Dr. Sarah Webb: it's definitely featurism. A lot of the research on colorism actually includes featurism. I remember one study in particular that always stood out to be about shooting simulations where it wasn't just about the person's skin tone. It was also their facial features and how Afrocentric the features were, the hair, the nose, the size of someone’s lips, if they were more quickly identified as Black, they were more likely in the simulation to be shot. And I’m sorry to be using a violent example.
But also for beauty standards though, aside from that kind of real world example, I think we see, in the industry nose jobs, people wanting to pinch babies’ noses with clothes pins. It happens across the diaspora too. The popularity of colored eye contacts, although I don’t see that as much these days, it was a thing for a while.
Even when I was teaching high school, some of the darker skinned Black boys, in particular, were really ashamed of their lips, having really big lips and they'd hold them in for pictures.
And then, you know, you could probably have a whole other interview just on the hair piece.
NSNC: You mentioned colorism really is internalized racism. And a lot of times you'll hear people, men mostly, say things like it’s preference.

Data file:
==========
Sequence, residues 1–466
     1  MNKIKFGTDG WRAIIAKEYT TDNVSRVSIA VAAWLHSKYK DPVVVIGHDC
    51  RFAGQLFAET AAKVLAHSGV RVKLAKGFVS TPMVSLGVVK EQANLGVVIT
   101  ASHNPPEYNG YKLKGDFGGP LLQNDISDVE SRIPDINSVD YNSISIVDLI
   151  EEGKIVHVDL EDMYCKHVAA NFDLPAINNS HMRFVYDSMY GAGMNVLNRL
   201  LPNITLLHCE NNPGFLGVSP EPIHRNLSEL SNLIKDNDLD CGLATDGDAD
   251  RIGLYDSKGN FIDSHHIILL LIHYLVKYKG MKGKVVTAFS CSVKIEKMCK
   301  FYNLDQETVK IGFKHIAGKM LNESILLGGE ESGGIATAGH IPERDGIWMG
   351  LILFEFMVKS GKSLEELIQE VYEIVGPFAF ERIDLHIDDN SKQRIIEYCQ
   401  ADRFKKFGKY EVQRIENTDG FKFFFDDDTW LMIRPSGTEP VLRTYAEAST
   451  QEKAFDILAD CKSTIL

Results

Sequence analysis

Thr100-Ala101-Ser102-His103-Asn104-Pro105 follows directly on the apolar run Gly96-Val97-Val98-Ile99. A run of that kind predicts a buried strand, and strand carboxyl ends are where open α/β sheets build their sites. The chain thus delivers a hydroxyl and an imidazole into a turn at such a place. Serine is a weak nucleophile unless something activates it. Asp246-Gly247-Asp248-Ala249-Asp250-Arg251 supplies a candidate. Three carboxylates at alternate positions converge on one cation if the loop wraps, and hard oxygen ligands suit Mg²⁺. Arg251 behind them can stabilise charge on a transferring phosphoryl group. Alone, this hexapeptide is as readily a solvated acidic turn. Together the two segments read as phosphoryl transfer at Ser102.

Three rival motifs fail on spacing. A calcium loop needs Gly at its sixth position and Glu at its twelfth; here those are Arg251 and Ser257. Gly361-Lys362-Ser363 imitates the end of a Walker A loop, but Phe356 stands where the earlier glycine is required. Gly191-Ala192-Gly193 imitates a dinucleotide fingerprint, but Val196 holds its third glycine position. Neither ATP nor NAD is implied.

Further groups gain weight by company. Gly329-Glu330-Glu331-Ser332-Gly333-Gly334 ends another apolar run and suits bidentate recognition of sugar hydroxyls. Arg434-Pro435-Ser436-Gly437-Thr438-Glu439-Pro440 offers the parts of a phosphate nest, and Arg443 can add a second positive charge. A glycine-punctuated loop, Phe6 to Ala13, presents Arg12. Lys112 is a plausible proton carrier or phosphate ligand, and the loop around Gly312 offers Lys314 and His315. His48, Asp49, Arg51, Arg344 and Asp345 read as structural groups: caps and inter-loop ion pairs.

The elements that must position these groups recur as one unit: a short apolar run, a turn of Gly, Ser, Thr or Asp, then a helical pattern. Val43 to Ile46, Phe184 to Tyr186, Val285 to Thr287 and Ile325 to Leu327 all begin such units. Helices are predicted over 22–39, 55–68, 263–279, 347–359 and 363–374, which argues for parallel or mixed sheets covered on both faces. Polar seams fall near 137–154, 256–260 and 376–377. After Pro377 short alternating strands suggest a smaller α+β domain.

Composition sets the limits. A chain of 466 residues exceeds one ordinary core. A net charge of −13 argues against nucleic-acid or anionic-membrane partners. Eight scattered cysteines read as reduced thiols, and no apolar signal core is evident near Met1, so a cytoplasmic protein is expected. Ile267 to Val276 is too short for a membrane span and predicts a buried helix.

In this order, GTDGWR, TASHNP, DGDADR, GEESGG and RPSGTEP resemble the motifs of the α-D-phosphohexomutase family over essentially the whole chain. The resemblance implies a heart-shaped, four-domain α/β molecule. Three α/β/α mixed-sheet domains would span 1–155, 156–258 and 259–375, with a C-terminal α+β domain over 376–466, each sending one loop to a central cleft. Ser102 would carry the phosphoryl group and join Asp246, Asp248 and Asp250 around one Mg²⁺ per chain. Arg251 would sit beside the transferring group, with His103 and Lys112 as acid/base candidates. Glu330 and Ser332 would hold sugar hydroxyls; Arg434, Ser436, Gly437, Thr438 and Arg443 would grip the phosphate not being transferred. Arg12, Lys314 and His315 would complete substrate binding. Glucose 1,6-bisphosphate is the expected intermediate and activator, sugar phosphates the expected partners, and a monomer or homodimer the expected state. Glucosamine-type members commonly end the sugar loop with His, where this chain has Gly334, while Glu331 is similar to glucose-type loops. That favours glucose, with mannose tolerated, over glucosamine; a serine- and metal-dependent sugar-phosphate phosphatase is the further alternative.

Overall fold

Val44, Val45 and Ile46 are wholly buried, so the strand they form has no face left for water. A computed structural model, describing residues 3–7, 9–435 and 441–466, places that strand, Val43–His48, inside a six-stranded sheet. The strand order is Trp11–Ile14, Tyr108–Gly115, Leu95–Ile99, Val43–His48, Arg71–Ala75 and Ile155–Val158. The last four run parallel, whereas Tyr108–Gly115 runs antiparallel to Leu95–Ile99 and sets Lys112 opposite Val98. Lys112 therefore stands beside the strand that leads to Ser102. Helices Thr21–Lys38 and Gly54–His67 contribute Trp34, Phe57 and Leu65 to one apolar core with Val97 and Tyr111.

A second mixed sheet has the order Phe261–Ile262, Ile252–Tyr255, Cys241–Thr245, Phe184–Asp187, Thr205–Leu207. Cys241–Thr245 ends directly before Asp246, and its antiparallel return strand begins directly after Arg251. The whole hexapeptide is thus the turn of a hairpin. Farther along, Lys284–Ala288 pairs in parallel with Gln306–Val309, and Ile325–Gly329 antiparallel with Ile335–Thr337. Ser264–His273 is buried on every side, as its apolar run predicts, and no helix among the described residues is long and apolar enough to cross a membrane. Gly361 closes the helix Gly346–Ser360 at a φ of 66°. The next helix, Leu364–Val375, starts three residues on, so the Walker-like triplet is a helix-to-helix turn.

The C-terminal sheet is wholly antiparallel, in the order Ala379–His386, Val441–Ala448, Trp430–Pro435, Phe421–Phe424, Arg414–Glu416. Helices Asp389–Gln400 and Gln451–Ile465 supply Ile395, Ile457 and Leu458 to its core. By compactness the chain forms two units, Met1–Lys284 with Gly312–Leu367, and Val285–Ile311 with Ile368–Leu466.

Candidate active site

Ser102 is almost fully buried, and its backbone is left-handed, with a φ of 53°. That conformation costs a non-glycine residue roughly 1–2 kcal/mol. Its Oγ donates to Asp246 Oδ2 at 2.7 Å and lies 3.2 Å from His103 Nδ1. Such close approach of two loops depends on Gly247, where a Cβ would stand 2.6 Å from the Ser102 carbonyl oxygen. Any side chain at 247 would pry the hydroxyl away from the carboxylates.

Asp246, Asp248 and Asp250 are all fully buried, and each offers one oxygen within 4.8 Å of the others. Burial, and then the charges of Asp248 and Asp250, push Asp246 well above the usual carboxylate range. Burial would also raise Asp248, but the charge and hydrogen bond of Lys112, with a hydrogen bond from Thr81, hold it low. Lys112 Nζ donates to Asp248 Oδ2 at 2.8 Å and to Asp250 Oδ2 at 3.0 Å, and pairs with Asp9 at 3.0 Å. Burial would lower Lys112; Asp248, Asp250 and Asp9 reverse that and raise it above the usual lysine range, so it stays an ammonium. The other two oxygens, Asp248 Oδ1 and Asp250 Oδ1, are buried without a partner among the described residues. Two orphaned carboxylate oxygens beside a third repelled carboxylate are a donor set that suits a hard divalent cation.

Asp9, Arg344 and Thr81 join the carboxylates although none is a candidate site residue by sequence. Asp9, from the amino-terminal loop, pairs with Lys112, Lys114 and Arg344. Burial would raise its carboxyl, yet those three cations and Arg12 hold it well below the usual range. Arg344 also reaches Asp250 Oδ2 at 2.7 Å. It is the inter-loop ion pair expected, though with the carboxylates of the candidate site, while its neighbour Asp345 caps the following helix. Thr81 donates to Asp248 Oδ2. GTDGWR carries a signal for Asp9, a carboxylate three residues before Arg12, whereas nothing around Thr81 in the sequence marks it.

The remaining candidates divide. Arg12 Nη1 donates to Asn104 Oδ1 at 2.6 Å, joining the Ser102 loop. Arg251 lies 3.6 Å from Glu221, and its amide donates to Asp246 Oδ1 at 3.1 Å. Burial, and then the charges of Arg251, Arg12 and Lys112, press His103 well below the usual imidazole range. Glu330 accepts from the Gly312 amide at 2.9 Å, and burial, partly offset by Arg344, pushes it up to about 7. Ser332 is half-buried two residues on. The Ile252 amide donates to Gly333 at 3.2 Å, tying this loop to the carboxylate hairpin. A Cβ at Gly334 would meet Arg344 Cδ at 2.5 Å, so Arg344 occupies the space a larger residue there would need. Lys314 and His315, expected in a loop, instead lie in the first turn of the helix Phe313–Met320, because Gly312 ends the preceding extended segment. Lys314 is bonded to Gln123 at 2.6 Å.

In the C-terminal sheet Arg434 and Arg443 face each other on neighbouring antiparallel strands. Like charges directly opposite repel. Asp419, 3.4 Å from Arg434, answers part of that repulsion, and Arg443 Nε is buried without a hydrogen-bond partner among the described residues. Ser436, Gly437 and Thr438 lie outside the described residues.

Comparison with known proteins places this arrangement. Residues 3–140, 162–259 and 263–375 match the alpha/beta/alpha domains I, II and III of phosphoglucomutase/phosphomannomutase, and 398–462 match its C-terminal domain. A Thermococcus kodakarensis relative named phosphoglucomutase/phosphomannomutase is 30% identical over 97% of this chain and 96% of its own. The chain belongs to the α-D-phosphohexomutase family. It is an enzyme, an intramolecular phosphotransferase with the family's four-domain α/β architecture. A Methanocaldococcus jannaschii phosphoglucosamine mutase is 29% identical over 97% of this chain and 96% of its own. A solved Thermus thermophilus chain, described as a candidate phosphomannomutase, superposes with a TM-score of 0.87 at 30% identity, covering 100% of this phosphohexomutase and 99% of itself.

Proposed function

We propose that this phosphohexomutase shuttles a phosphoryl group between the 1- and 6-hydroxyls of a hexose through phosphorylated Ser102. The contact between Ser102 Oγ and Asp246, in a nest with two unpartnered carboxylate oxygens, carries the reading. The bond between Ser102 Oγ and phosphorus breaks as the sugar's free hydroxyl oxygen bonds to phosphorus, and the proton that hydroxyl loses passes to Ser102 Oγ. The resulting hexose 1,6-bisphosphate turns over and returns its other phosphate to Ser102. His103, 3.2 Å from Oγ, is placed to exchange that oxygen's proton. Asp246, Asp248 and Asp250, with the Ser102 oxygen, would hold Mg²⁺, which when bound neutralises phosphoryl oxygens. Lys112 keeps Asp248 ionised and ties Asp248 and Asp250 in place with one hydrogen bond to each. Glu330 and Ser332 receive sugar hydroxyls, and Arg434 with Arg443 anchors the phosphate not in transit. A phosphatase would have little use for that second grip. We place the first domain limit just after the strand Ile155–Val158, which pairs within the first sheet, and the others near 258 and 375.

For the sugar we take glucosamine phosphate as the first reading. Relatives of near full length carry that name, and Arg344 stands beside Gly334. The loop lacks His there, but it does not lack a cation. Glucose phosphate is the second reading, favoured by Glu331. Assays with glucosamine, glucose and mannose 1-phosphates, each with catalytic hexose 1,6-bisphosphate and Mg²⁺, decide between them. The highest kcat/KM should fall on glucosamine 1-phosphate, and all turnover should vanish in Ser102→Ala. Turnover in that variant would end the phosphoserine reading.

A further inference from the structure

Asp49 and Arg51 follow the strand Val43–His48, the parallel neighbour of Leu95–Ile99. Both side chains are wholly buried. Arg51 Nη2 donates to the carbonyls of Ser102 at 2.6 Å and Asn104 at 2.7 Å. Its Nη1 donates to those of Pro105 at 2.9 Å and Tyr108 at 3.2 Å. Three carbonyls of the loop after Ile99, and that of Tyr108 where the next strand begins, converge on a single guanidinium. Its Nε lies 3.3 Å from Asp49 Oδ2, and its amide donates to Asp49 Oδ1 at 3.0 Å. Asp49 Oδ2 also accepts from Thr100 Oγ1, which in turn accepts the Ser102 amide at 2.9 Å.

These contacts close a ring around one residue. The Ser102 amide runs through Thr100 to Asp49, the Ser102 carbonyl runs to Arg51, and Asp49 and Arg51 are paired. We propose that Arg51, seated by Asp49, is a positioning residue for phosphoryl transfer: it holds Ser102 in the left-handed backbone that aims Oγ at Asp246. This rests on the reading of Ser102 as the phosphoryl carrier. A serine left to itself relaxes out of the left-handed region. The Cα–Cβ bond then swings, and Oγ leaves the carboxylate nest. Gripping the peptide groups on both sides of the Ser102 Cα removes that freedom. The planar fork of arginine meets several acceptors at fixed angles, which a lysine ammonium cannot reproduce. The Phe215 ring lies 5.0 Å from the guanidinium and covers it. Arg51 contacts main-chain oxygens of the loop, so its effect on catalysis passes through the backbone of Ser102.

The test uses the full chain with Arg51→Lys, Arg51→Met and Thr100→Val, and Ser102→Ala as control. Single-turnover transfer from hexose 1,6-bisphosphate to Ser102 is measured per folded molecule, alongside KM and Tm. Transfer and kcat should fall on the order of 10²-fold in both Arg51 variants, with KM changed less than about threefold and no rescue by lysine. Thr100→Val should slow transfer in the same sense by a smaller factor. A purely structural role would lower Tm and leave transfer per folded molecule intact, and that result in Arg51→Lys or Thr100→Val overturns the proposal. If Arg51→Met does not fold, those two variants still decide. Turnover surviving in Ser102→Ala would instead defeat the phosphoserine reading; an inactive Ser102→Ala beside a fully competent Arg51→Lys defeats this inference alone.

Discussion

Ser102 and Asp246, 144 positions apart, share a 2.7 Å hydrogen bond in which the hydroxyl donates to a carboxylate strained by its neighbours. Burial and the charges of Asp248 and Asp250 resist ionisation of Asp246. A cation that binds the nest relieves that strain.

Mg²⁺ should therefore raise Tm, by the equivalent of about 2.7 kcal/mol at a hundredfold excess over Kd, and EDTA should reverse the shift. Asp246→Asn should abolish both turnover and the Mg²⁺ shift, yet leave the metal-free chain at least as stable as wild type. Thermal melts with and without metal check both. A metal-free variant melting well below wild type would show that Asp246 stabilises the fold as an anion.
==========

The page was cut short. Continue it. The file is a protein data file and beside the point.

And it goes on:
Dr. Sarah Webb: Oh yeah
NSNC: What do you say to that? Because that argument comes up quite a bit.
Dr. Sarah Webb: So there are so many different ways that people respond that are really good responses. My response is that yeah, absolutely. It is your preference, but our preferences-- everyone's preferences-- are conditioned according to the society we live in. And we can have preferences that are racist preferences. We can have preferences that are sexist preferences, and we can certainly have preferences that are colorist.
I point to the fact that if you talk to someone who you would label as a racist. They would not perceive themselves as a racist. They would say, ‘I just prefer to work with other white people.’ They would say ‘I just prefer to have white neighbors.’
To the racist people, it feels like preference. They don’t see themselves as being terrible people. So it's quite possible to be a colorist and perceive it as just a preference.
It shouldn't be flattering to you for someone to fetishize your skin tone.
NSNC: Do you find or do you hear that people are less likely to to take the word of someone who is darker complected speaking about colorism versus someone who is lighter complected?